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Photo by Erica Techo.
LeAnn Elmore Wood and her parents, Becky and Bill Elmore, stand by a photo of Christine Elmore at Ousler’s Sandwiches in Mountain Brook Village.
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Photo courtesy of Ousler’s.
Ousler’s once had trucks that went all over Birmingham to distribute their sandwiches. Ousler’s first opened in Five Points South in 1915 and celebrated 102 years in business in January. Bill Elmore’s mother, then Christine Campbell, started working for owner Dana Ousler at age 16 and eventually bought the business when Ousler planned to retire.
For husband and wife team Bill and Becky Elmore, hearing fond memories about Ousler’s Sandwiches is a daily occurrence.
“We had someone come in the other day who said they had the sandwiches at their wedding, and now they’re celebrating their 50th wedding anniversary, and they wanted the sandwiches,” said Becky Elmore, adding they heard of another woman who specified in her funeral arrangements, “‘for the funeral reception, I want Ousler’s sandwiches.’ So it’s just every day. Every day there’s something sweet like that.”
Ousler’s first opened in Five Points South in 1915 and celebrated 102 years in business in January. Bill Elmore’s mother, then Christine Campbell, started working for owner Dana Ousler at age 16 and eventually bought the business when Ousler planned to retire.
To this day, they use her recipes for pimento cheese, egg salad, ham salad and their most popular item, chicken salad.
“We try things, and people tell us, ‘Don’t do that no more,’” Bill Elmore said, who helped run the store with his mother and sister, Jayne, before taking over. “Mother, she had been around a long time, so she had tried everything, and she said, ‘This is the way that turned out to be the best,’ so we just stay there.”
They also follow some of her advice, including: “Always give our customers a quality product at a reasonable price,” Becky Elmore said.
And: “If you make a mistake, don’t let it hinder you,” Bill Elmore said.
The decision to take over the shop after Jayne chose to retire and Christine Elmore got older came from a desire to continue her legacy, Bill and Becky Elmore said.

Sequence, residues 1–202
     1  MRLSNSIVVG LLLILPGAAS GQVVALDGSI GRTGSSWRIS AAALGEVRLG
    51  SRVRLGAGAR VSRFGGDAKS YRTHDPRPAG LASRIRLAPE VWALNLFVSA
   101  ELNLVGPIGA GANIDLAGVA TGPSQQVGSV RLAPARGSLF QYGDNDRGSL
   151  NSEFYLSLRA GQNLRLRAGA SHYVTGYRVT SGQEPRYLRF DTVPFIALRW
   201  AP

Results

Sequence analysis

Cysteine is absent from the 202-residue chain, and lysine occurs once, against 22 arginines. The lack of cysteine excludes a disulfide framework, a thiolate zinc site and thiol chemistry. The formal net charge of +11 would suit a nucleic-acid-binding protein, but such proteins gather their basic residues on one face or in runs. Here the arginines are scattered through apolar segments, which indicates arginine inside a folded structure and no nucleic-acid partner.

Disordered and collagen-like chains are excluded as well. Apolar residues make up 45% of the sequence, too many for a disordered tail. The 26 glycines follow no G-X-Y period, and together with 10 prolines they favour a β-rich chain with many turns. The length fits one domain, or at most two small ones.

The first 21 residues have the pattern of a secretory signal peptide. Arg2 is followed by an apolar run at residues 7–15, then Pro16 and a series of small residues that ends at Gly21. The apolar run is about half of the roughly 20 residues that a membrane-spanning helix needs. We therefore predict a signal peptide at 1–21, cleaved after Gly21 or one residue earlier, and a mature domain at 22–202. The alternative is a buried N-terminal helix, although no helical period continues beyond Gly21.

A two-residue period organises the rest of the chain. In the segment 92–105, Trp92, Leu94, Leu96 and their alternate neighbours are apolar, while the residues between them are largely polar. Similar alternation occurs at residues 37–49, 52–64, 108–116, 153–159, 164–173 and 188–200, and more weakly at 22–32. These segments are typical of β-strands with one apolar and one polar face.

“We needed an income, and this is what we knew, so that’s why we came here to continue it on,” Becky Elmore said. “And also, Bill’s mother, when we were trying to decide what we needed to do, she said if we closed the business, she would consider herself not successful. And if there was ever a little lady in this whole world [who was successful], it was Mrs. Elmore.”
The shop moved from Five Points South to Avondale in 1971, and then to its location in Mountain Brook Village in 2005. When looking for a new location, the spot in Mountain Brook Village opened up and proved to be a perfect fit.
“It was honestly like God said, ‘bloop — right there,’” said LeAnn Elmore Wood, Bill and Becky’s daughter. The shop had the right coolers and prep space, and all that needed to be changed was the location of the counter, Wood said.
The location was also good for their customer base, Becky Elmore said.
“It’s such a sweet village. It’s fun to be here because it’s so friendly and family-like. We had so many customers from this area, and this is also centrally located, so it’s not hard for anyone within the area to find us,” she said.
“We had a sign when we first moved over here that said, ‘Ousler’s opens soon,’ and LeAnn was sitting there [inside] and a woman walked by and started clapping,” Bill Elmore said. “So we knew this was in the right place.”
Since moving to Mountain Brook, Ousler’s has seen an increase in foot traffic, with individuals stopping in to pick up a quick lunch, Bill Elmore said, and they have also seen continued support.
“It’s hard to put into words,” he said. “It’s just a great place. They look after us, and we look after them.”
“We know we have the support of the community,” Becky Elmore said.
Now in their 70s, Bill and Becky Elmore plan to pass the store to Wood. Besides, Bill Elmore said, they do not think closing up shop would go over well.
“We put a lot of years into this, and I’m sure we’d have an uprising if we [closed],” he said.
Wood works in the front of the store, greeting people and managing orders, and she jokes about hearing herself say the same things her parents used to. When her parents were in their 40s, around Wood’s age now, they would come home and say, “I don’t know how your grandmother can work us under the table at her age,” Wood said. Now, she comes home and says the same thing to her sons — her parents keep her busy and sometimes she wonders how they still can work her under the table.
“We’re looking to pass the torch soon,” Wood said. “I don’t want them to quit working, but I’d like for them to have some retirement time.”
Christine Elmore worked into her 90s, and remained “sharp as a tack,” Wood said. She credits her grandmother’s spirit and quick mind to the fact that she continued to work, and she would like to see her parents the same way in their 90s. And once she takes over, will Wood change anything?
“I would not change a thing. No. Oh, my gosh,” she said. “I don’t think the town of Mountain Brook would forgive me. I don’t think my parents would forgive me.”